Friday, July 25, 2014

Steamboat Sprint Triathlon

I needed a race to do prior to Nationals. Looking at the calendar in the spring, zeroing in on the weekend that would be perfectly spaced from one of my key races of the season, I stumbled upon the Steamboat Sprint. "Perfect", I thought. short little race. Cool, local vibe... and I clicked to sign up.

Here was one minor fact I overlooked; the race is at 8100 ft. Did you know that the amount of oxygen available at 8100 ft is about 25% less than at sea level? Granted, I live and train at about 6000 ft (about 20% less than sea level), but that extra 5% makes a difference. Brilliant. Let's go do what is essentially a VO2 max workout at a place where there is actually *less* O2. Awesome.

You're not in Kansas anymore Dorothy. In fact, you're like two frickin' miles ABOVE Kansas.
Ok - I'm really just kidding around. Although it's true I didn't really think it through when signing up, everyone is in the same 'boat' (pun intended), and what doesn't kill you.... well... it can make the lights go out... but luckily, it didn't. It just *hurt*.

My hurt was at least cushioned by the beauty of being in the 'boat. I really, really, really love that place and have great memories through the years of it. Besides skiing with some buddies, Paige and I went up there while we were first dating and went to a 'Strings in the Mountains' concert there. That trip was also the place I learned that my wife to be is NOT a gonzo mountain biker chick. That's ok. She's a fast swimmer, cyclist and triathlete - so I guess I'll keep her ;-)

I drove up the afternoon before the race. Just solo'd it given other commitments that Paige had back home. That's cool - I'm not very exciting before a race. It's a perfect evening for me just to stroll around town a bit, early dinner and then back to the room to read and prep for the race.

While I was up there solo, I wasn't alone. Plenty of friends / teammates up there to chat with. It's pretty cool to drive 3 hours by yourself, head to the race site and then see a bunch of people you know setting up in transition - not to mention hanging with after the race.

Hanging with Tony and Lisa Piscopo after the race. Friends really make the race.
When I rolled up to the race site, the car-mometer read 41 degrees... thaaaahts right. Didn't really worry because I had some intel from Evie (another team-mate and friend) that had done a swim the day before and reported that the water was a great temp. Also knew it would warm up quickly once the sun was fully awake.

Transition set-up went quick. Easy for a sprint.

It's 16 1/2 miles to the finish banner, we got a full bottle of UCAN, half a bonk breaker bar,
it's 41 degrees, and we're wearing wet-suits.
Hit it.
The caption for the photo was the quote I thought of looking at my transition set-up. You have to put it in context of the movie quote I patterned it after in my head:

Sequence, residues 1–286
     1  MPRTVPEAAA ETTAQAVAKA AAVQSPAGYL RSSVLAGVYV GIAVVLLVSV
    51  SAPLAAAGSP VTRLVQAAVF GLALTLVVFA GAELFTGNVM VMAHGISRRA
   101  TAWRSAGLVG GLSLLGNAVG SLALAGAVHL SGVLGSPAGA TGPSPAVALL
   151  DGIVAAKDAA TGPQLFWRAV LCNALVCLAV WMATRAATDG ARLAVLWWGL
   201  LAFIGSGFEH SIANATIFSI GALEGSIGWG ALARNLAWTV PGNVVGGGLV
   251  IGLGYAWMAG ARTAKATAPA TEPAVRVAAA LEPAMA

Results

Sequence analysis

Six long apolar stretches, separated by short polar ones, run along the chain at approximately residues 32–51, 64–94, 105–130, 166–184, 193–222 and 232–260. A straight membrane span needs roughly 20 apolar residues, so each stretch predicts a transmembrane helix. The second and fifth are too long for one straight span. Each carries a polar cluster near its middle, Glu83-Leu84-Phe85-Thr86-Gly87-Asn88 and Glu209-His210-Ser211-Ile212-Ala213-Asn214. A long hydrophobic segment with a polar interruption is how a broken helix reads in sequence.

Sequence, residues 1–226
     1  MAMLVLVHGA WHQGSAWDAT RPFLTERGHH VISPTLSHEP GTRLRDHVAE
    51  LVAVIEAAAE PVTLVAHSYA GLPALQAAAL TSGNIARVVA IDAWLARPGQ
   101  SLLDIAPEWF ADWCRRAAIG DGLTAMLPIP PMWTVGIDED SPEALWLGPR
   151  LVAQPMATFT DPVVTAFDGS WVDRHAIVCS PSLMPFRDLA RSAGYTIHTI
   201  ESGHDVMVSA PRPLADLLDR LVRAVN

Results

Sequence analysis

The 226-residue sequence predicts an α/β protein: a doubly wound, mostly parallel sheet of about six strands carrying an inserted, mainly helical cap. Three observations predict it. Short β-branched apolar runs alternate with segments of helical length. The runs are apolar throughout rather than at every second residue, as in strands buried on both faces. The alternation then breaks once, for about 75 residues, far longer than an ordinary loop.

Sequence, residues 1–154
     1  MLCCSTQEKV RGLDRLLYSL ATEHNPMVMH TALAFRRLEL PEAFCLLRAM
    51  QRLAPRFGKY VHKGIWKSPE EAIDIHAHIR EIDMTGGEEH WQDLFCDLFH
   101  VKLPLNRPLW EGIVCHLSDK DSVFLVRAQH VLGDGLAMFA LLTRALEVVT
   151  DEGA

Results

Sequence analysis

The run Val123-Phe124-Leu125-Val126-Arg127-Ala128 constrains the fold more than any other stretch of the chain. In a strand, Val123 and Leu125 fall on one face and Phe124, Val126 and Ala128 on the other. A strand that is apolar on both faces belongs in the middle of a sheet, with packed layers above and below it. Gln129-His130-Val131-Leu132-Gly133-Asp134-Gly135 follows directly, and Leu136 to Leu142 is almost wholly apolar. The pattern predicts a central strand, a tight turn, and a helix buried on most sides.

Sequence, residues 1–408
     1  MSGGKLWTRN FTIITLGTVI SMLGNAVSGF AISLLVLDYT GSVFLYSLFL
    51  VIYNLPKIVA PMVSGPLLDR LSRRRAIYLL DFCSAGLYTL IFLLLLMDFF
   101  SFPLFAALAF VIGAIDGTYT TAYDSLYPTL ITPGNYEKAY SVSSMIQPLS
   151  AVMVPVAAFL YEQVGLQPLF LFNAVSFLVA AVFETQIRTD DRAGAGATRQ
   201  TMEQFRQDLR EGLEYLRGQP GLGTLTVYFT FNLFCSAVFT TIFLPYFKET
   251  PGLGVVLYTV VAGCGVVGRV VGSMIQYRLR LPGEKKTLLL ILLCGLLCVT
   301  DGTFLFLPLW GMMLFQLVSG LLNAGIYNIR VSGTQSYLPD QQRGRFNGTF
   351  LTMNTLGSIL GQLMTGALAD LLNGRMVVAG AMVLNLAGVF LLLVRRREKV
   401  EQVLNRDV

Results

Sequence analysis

For some reason, movie quotes / scenes kept popping into my head all morning. I don't know what made me think that way. Maybe it was the solitude. Maybe my brain just retains useless stuff. Either way - it's entertaining (for me at least).

Once I got transition set up, I went out for a 2 mile run just to loosen and warm up. Then I stood around just chatting with the rest of the crew. Wrapped that up and headed out to do a little warm-up swim and wait for the horn.

Water temp was awesome - about 68 degrees; I was actually hoping for a couple degrees cooler. Lately it's been so, so warm in the local ponds with a wetsuit on. I find myself digging a deep paddle on my stroke, just to feel some colder water.

Did a quick lap out the first buoy and back. Then back to stand around listening to the pre-race meeting.

Ok, remember when I said movie scenes kept popping into my head? So we're all standing around, feet in the water wearing our wetsuits. And we ALL know what's really going on while we pretend to intently listen to the race announcer detail out the course. Immediately I thought of this clip from Elf - except you have to make the following word substitutions:

Replace 'singing' with 'peeing'
Replace 'the north pole' with 'a triathlon'
Replace 'make toys' with 'listen to the pre-race instructions'

If you're a triathlete, you immediately understand. If you're not... well.. know that we all.. errr... "sing in the store"

And if you're now never able to watch your favorite Will Ferrell movie without transposing the words as above - your welcome.

Anywhooo...swim went great - I continue to love my Roka Maverick Pro wetsuit, and I got to use a pair of the Roka prototype open water goggles - which rock; Will be interesting to see what the production line ends up looking like in the fall.

One funny thing to note was that around the first two buoys, it was pretty shallow. During the pre-race instructions (I can *sing* and listen at the same time), the director mentioned that if you had any trouble in the water, the first thing you should try is to just stand up.